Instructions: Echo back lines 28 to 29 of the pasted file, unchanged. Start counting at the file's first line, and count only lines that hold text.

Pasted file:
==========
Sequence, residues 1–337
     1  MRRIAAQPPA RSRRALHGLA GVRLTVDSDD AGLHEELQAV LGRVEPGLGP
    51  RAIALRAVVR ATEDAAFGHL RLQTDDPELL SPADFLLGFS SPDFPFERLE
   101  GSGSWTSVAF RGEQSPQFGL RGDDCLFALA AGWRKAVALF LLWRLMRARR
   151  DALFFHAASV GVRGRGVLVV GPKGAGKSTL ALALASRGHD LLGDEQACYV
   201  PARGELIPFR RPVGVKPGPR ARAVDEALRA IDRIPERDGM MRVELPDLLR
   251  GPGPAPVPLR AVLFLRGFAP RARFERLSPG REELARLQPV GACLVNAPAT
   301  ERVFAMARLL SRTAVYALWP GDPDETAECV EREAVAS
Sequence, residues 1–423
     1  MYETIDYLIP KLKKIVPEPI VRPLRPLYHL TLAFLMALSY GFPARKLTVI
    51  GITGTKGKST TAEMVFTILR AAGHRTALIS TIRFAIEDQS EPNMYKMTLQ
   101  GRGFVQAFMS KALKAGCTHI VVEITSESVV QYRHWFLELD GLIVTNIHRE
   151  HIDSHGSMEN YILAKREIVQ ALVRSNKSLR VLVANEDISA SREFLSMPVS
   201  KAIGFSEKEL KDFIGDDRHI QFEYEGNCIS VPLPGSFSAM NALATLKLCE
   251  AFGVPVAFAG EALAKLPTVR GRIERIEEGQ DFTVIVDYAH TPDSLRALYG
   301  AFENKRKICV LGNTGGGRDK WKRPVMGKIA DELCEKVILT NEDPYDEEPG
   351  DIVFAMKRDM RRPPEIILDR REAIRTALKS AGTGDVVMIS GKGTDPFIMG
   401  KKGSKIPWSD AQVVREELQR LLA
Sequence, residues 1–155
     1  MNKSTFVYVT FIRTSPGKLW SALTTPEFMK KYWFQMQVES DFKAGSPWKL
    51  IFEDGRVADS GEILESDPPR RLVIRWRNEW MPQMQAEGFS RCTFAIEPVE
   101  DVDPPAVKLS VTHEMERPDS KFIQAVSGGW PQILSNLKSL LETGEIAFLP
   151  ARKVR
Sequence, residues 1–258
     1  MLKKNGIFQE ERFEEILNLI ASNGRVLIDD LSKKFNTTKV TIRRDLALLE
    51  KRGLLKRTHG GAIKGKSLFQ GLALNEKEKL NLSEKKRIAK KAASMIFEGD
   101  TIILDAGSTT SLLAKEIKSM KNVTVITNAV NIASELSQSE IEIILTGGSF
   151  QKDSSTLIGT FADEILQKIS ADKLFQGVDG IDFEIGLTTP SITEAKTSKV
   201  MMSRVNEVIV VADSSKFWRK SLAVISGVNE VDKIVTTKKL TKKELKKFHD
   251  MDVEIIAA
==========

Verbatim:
   151  QKDSSTLIGT FADEILQKIS ADKLFQGVDG IDFEIGLTTP SITEAKTSKV
   201  MMSRVNEVIV VADSSKFWRK SLAVISGVNE VDKIVTTKKL TKKELKKFHD